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This graph illustrates the appreciation for homes which sold in the second quarter of 2008 and had previously sold within the last ten years.
Clearly the best way of determining what appreciation is for a particular home is to watch the home trade hands in an armâ€™s length transaction several times over many years without any major improvements (other than maintenance).
The Case-Shiller Home Price Indices Methodology comes closest to achieving this on a macro level. However there are inherent limitations in the methodology they employ. Weâ€™re not here to find fault with their method of data collection and interpretationâ€”clearly it is as good as it gets on a macro-levelâ€”but for interpreting micro or niche markets it uses too broad a brush to paint an accurate picture of a particular area’s housing landscape. Hereâ€™s why:
Â· It lumps many micro and niche markets into one large metropolitan area and cannot effectively differentiate smaller market areas since it relies on huge volumes of data in order to arrive at meaningful results.
Â· It uses an algorithm to exclude all old sale pairs to support their assumption that older home sale pairs must have been remodeled. This has the unwanted effect of throwing the baby out with the bathwater, and discards very valuable information on repeat sales pairs which have not been updated over long periods of time.
We have overcome these limitations by being able to use the "sales pair" methodology and exclude homes that have been remodeled based on our personal experience in seeing virtually every home that has sold. In fact some of the home sales used are homes weâ€™ve personally sold in the course of our 17 years in business.
However, due to the relatively small market sample our data will be more vulnerable to isolated sale anomalies but to a certain degree that is mitigated in that 100% of our data is usableâ€”and local.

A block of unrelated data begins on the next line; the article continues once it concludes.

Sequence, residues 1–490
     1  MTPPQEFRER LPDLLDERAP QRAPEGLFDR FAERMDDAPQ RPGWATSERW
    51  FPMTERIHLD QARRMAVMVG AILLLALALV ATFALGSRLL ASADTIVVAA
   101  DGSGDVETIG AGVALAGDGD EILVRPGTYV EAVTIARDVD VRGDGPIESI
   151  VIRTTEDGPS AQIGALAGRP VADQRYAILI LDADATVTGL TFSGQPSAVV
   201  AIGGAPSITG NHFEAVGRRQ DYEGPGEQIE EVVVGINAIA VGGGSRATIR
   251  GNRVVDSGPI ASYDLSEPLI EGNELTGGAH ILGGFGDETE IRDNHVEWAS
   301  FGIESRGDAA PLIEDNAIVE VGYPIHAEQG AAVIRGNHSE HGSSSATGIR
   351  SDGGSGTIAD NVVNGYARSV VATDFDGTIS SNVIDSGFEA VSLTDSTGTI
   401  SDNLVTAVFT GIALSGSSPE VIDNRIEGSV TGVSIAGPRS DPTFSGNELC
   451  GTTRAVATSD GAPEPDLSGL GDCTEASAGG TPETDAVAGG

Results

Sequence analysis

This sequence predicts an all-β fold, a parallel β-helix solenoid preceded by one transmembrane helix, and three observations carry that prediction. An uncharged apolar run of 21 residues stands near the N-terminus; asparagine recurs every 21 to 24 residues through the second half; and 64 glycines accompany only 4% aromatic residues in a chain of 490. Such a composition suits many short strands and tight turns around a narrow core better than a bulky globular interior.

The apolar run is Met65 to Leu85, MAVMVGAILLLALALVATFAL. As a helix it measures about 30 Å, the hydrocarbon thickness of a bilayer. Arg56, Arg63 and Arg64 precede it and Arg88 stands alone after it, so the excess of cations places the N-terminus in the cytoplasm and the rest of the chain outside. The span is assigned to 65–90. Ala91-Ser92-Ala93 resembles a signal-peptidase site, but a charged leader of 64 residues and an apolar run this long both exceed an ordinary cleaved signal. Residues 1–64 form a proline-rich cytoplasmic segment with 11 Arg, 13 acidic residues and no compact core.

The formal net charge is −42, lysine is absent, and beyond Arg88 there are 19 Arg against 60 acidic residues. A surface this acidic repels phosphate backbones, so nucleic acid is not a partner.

We can also go back to homes that sold recently which have not traded hands in the last 30 years and still included them in our study so long as we can verify they have not been remodeled.
We can also distill this information down by neighborhood.
Essentially we have watched the same sales pairs sell and can analyze the empirical and statistical data to offer a sound assessment of a particular areas value trends.
Here are some interesting facts–for 2nd quarter 2008 sales:
Â· 58 homes sold during this period
Â· 22 had not sold within past nine years and were excluded
Â· 11 were remodeled and excluded
Â· 25 were not remodeled and were used for our study
Â· Only homes sold that were purchased after 2005 have sold for less than what they were purchased for.
Of those seven sales after 2005:
1 was a foreclosure
1 was a short sale
1 was an REO (bank owned sale)
2 non distressed properties showed an average of 11% appreciation
1 non distressed property lost 15%
1 non distressed property lost 20%
The homes that were selected had sold in prior years and had no extensive remodeling performed. Each sale pair represents the best analysis presently available for tracking the same home exchanging hands over time. Several recent distressed sales have perhaps skewed the numbers in that they were foreclosures selling at what was owed, not what it might have been worth. Nevertheless the data is for the most part reliable and illustrates that only people who overpaid for homes from 2005-2007 may now own a home worth less than what they paid for it as a result of the downturn.